Monday, August 02, 2010

Traditional film theatres continue to thrive

Traditional film theatres continue to thrive
Chethan Kumar, Bangalore, August 1, DHNS:

Multiplexes are adding more screens — they're buying out single screen cinemas as well as fanning out to more cities and towns - Bangalore not barred.

Yes, some theatres in the City have been bought over or converted, some have shut down, but the traditional cinema hall is not set to fade out. Not yet. For cinema halls run based on the movies and not how bad their competition is, aver many in the business.
Rex, Shankarnag Chitramandira (which is now Fame Shankarnag), Urvashi, Cauvery, many theatres on Kempegowda Road, some in Ulsoor, Mukunda in Kammanahalli and many more are standing in the way of a complete wash out of this culture. And so are ‘typical’, ‘traditional’ movie buffs, who still swear by single-screen cinema, ‘the real cinema’ as they refer to it.

To find out how much of an impact multi-screen theatres really have on single-screen halls, Deccan Herald spent some time at Sampige theatre –– which recently got a new neighbour in Mantri mall which houses the Inox multiplex.

The first three shows on Sunday (the theatre is screening a Tamil movie – Thillalangadi) saw a good response, reflecting that contrary to popular belief, these halls are not dying. Speaking to Deccan Herald owner of theatres Sampige and Savita, Ramesh said: “We’re absolutely fine. Business is as it was before the mall came up because what defines our business is the movie alone.”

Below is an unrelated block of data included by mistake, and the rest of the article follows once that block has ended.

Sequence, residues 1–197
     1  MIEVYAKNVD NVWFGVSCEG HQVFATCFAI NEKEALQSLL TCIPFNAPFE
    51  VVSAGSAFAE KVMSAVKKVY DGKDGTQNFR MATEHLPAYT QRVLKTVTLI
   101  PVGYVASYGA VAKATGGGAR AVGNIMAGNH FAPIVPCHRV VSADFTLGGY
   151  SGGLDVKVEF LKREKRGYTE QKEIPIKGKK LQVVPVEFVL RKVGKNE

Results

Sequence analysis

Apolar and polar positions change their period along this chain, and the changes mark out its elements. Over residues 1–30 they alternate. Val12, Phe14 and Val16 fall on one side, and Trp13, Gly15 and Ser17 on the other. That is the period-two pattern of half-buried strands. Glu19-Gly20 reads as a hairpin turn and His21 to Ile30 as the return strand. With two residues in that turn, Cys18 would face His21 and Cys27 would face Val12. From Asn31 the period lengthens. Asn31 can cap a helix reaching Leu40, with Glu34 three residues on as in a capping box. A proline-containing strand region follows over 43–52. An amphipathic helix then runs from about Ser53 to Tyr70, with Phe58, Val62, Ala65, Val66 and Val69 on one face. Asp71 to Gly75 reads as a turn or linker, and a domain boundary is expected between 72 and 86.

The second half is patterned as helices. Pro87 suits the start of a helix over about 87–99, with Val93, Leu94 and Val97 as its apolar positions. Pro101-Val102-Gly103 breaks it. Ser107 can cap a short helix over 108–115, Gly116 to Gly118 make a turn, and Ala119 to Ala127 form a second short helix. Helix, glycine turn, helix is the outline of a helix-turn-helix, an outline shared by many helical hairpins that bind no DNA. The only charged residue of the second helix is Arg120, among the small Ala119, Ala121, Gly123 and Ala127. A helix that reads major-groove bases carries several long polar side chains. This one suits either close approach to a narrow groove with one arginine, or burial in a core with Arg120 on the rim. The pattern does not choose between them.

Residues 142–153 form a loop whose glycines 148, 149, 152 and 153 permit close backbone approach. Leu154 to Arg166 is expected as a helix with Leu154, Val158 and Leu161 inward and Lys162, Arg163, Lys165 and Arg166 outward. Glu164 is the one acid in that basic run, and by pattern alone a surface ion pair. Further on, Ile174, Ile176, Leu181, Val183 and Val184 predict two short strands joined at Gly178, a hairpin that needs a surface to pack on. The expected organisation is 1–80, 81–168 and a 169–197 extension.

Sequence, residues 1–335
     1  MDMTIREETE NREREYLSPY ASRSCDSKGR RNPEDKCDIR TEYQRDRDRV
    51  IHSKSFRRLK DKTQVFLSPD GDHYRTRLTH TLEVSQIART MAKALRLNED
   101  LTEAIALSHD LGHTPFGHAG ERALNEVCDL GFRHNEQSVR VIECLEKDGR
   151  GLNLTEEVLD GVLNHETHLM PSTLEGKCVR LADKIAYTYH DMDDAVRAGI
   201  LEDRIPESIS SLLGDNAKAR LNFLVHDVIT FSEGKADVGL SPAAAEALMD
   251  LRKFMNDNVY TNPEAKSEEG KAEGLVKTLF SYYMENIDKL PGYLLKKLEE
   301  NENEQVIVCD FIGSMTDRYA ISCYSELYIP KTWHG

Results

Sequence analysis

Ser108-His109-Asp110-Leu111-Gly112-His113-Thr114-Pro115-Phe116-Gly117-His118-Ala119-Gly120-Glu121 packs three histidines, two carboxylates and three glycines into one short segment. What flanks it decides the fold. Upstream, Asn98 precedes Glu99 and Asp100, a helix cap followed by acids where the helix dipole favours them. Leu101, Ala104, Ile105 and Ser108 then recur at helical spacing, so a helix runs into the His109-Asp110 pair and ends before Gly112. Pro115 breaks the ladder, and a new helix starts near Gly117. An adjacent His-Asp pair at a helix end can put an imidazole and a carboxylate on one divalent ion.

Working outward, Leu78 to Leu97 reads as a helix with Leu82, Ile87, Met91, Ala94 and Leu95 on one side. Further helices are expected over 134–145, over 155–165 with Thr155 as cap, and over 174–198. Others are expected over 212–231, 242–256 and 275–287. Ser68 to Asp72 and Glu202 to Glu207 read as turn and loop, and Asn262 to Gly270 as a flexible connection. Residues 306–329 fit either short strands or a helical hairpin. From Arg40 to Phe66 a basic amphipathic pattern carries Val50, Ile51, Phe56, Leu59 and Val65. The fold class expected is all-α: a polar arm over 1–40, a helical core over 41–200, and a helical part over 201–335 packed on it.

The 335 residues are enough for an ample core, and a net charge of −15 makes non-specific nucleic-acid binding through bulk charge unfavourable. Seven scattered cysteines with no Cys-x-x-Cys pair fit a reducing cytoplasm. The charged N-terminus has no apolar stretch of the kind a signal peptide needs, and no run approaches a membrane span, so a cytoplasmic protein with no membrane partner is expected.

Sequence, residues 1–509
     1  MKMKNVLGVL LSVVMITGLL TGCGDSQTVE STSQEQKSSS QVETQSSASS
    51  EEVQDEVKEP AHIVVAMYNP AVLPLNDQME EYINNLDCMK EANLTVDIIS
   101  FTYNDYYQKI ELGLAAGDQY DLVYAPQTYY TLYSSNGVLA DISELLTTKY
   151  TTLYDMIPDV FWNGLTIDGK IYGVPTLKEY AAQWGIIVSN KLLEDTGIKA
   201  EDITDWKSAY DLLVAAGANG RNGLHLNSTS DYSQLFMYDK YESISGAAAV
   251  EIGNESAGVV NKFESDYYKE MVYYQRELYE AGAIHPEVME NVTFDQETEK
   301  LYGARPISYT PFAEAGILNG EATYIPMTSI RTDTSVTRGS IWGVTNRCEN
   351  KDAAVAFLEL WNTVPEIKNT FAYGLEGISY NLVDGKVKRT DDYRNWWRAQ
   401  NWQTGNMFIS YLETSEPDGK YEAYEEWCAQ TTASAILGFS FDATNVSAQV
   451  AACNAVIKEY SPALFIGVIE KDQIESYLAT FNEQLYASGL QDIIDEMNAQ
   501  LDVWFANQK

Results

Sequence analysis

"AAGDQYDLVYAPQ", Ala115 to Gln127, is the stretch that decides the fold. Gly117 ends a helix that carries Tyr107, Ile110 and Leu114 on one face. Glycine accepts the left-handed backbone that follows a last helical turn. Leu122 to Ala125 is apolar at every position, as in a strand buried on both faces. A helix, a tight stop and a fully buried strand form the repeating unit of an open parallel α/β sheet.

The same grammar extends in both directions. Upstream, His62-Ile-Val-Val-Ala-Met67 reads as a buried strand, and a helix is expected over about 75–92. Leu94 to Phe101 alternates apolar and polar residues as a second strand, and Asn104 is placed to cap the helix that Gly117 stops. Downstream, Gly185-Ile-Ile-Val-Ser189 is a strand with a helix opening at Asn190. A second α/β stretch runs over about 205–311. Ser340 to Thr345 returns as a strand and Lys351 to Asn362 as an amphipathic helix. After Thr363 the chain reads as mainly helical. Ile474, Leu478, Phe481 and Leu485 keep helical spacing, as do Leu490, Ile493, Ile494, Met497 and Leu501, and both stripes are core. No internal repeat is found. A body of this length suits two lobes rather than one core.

Some of the City’s movie buffs are in full conformity with his views. It’s a clash of cultures here, with different wants and different definitions of cinema.

While malls/multiplexes offer what many a person in the City define a complete experience, for ‘real’ movie buffs a complete cinema experience is never there to be taken at multiplexes.

“Multiplexes are a fad, too plastic and ‘refined’ for a real movie experience,” says Subrahmanya, adding that “what is not spool-driven is not real cinema. The digital age might be here to stay but there is a definite need to save the culture of real cinema.”
He adds that the spool-driven movies with several of its shortcomings is what makes a real film, which doesn’t hide incompetency through refinement.

Agreeing with this in full is Vani, who says the feel of the movie crowd is at cinema halls, not multiplexes. “The smell of the place, the way the crowd behaves, the ‘non-digital’, real film that is screened is the complete experience. This is never there at multiplexes.”


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